by Sarah Muntel, RD
Two hundred calories of grilled chicken and 200 calories of jelly beans… are those 200 calories the same? There has been much debate throughout the years on this topic, but as more and more research arises, we are finding it’s not just about the calories. There are many more factors to consider.
Let’s start with the basics. First things first, a calorie is a unit of energy, and one calorie contains 4,184 Joules of energy. Another fun fact: 3,500 calories is equivalent to a pound of fat. Your body needs that energy in the form of calories to function every day. The foods you choose provide the energy your body needs. When managing weight, it seems quite simple. Everyone needs a certain amount of calories to maintain their weight. If you eat more than you need, you gain weight and if you eat less than you need, you lose weight. If you want to lose weight, just cut your calories. The question is: is it that simple, or is there more to it?
This is where things get a little more complex and go beyond basic math. Beyond actual calories, foods are made up of the macronutrients carbohydrates, fat and protein. Your body processes these all a little differently. The composition of what is in each of these 200 calories can differ by what food you are choosing. The food composition will make more of a difference than you think.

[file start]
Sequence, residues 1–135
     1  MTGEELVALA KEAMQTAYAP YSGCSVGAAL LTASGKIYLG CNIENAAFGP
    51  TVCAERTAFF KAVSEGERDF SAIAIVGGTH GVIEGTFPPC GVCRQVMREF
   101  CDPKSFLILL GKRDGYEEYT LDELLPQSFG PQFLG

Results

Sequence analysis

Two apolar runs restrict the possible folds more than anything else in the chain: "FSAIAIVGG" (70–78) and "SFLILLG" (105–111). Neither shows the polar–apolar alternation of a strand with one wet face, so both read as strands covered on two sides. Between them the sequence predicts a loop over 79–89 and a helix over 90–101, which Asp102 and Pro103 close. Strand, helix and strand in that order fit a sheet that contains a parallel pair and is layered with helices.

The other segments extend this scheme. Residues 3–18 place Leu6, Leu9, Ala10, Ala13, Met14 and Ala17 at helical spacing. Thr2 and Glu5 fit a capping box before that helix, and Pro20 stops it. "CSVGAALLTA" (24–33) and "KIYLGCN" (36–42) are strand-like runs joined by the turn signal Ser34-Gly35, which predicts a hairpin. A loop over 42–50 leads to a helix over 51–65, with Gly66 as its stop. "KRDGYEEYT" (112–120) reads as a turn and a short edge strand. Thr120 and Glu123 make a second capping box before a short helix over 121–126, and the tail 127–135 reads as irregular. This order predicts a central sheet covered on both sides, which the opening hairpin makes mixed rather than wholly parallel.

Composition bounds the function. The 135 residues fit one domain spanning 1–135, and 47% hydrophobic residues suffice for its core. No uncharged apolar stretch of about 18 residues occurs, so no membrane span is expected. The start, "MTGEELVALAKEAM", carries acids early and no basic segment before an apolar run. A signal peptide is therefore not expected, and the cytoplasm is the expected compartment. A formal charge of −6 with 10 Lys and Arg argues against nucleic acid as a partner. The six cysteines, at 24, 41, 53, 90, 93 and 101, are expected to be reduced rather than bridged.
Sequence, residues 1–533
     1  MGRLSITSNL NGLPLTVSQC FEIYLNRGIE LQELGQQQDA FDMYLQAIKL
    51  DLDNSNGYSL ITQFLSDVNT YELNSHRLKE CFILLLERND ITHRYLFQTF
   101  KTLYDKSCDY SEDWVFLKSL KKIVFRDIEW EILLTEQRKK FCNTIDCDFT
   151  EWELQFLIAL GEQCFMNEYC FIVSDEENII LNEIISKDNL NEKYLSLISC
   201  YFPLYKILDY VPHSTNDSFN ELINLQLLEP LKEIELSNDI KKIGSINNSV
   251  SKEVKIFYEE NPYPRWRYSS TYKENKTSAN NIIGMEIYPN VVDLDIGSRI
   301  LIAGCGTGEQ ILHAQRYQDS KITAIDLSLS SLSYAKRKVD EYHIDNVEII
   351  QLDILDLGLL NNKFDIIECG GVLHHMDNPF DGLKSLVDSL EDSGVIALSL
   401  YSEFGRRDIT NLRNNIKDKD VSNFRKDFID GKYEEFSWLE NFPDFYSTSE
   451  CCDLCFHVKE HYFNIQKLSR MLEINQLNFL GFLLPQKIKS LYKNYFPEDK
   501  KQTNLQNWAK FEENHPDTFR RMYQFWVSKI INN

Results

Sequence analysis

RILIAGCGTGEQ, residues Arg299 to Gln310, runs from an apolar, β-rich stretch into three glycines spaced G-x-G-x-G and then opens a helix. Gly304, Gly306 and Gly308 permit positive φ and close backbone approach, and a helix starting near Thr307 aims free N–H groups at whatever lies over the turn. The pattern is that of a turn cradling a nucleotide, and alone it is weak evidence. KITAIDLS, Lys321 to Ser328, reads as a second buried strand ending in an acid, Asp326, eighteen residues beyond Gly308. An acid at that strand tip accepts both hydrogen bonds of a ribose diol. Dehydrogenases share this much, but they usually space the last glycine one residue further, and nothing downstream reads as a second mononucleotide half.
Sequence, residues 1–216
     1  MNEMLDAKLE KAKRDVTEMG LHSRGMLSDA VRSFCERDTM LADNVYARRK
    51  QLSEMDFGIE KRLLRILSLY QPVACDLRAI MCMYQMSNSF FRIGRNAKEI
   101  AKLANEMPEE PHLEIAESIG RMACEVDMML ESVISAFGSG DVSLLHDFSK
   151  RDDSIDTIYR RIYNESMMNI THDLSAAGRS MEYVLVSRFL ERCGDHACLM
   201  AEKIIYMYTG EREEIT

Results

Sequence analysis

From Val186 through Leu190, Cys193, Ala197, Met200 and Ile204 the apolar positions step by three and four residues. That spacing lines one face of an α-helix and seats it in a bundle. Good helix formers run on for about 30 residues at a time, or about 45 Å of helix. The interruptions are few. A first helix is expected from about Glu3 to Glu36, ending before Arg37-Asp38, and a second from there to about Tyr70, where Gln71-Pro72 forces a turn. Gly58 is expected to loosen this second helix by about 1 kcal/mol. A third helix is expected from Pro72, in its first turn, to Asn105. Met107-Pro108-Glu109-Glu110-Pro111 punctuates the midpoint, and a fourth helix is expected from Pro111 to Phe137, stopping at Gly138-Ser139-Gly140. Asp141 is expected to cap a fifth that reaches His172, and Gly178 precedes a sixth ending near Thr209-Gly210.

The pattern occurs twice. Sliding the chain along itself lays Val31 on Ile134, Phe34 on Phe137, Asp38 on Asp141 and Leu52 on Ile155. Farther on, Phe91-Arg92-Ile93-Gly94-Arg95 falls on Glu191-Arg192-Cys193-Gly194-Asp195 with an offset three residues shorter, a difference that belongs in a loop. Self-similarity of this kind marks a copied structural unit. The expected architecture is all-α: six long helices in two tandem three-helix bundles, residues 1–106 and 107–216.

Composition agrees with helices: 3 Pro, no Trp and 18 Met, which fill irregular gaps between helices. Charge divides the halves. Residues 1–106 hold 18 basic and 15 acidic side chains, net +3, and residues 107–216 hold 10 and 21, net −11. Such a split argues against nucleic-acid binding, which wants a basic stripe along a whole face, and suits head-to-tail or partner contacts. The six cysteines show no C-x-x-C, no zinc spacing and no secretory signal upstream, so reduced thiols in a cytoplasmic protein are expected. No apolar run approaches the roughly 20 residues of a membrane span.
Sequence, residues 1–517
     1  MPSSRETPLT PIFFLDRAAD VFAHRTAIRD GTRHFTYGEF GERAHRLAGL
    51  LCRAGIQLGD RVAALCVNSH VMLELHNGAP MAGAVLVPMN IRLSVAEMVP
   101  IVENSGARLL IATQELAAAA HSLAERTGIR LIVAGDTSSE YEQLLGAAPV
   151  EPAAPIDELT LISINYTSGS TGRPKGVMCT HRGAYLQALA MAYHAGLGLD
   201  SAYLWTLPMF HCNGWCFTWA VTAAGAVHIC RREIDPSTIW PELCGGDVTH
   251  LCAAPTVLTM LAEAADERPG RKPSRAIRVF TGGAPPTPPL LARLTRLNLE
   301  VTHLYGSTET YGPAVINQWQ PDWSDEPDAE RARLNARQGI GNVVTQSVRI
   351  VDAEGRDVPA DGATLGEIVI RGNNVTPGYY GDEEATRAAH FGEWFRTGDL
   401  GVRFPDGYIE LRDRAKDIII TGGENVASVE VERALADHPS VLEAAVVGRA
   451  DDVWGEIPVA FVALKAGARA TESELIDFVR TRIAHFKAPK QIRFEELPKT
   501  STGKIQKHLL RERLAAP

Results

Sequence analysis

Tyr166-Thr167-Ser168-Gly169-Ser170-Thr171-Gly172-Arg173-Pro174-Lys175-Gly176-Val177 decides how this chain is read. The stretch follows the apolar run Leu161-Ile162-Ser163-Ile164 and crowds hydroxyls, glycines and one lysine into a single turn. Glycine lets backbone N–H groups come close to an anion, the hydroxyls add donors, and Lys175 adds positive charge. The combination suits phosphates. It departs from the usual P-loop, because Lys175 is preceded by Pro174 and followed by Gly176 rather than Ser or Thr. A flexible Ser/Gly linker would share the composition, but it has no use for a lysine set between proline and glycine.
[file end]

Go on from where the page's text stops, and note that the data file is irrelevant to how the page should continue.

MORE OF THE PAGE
So, when you are looking for your next latest and greatest plan, think about the few things below as you choose foods and build your healthy plate:
Let’s go back to those 200 calories of chicken and jelly beans. It sure doesn’t take a rocket scientist to determine these foods are different. The chicken has 22 grams of protein, two grams of fat and one gram of carbohydrate. Those jelly beans have 25 grams of carbohydrates and almost 20 grams of sugar. That paints a very different picture of what’s on your plate.
The macronutrients (carbohydrates, fat and protein) in the foods you eat can make quite an impact on your body. Carbohydrates are your body’s preferred source of energy. Complex carbohydrates are a good source of fiber. Protein is important for building and repairing muscles and tissues. Fat helps your body to absorb nutrients and produce hormones. All of these are important to your body, and they all impact your body differently.
The Thermic Effect of Food (TEF) is the extra energy your body needs to break down and absorb components of food. Carbohydrates and fat are broken down easier than protein. This means your body must work harder when protein-based foods are chosen. The TEF for protein is 20-35 percent vs. carbohydrate and fat, which is 3 to 15 percent.
Some foods will make you feel more satisfied than others, which can be a big issue when managing your weight. We already determined your body has to work harder to process protein vs. carbohydrate and fat. Choosing foods higher in protein can make you feel satisfied for a longer period of time. Think of your latest snack break. If you choose processed carbohydrates for a snack such as crackers, chips and cookies, they will not provide the same effect as cottage cheese, deli meat or cheese for the same amount of calories. Your body breaks carbohydrates down more quickly, which will lead to hunger earlier.